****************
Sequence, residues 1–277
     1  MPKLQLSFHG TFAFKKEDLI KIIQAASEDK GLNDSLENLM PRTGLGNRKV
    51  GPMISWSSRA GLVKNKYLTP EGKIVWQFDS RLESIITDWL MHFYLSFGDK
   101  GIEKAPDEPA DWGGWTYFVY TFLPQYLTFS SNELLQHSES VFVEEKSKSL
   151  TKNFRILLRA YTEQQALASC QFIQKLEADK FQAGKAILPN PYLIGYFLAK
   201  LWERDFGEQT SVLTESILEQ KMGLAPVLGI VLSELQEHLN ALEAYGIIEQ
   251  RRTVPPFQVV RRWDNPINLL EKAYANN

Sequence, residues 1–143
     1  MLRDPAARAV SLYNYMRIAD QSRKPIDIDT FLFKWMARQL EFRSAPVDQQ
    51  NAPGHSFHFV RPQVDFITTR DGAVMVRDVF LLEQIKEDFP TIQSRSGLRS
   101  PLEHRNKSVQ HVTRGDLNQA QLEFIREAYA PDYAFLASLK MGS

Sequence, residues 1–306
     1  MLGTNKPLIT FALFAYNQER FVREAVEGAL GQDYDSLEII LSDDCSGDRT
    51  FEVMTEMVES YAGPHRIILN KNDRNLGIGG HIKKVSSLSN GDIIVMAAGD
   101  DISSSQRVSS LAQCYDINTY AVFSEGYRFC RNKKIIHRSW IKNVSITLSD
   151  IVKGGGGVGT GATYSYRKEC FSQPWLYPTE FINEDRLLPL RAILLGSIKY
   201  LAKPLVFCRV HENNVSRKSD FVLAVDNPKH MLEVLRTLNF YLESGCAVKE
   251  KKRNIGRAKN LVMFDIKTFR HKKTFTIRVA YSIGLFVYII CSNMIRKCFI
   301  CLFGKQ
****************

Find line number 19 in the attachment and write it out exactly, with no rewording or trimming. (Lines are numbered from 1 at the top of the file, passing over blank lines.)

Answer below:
   301  CLFGKQ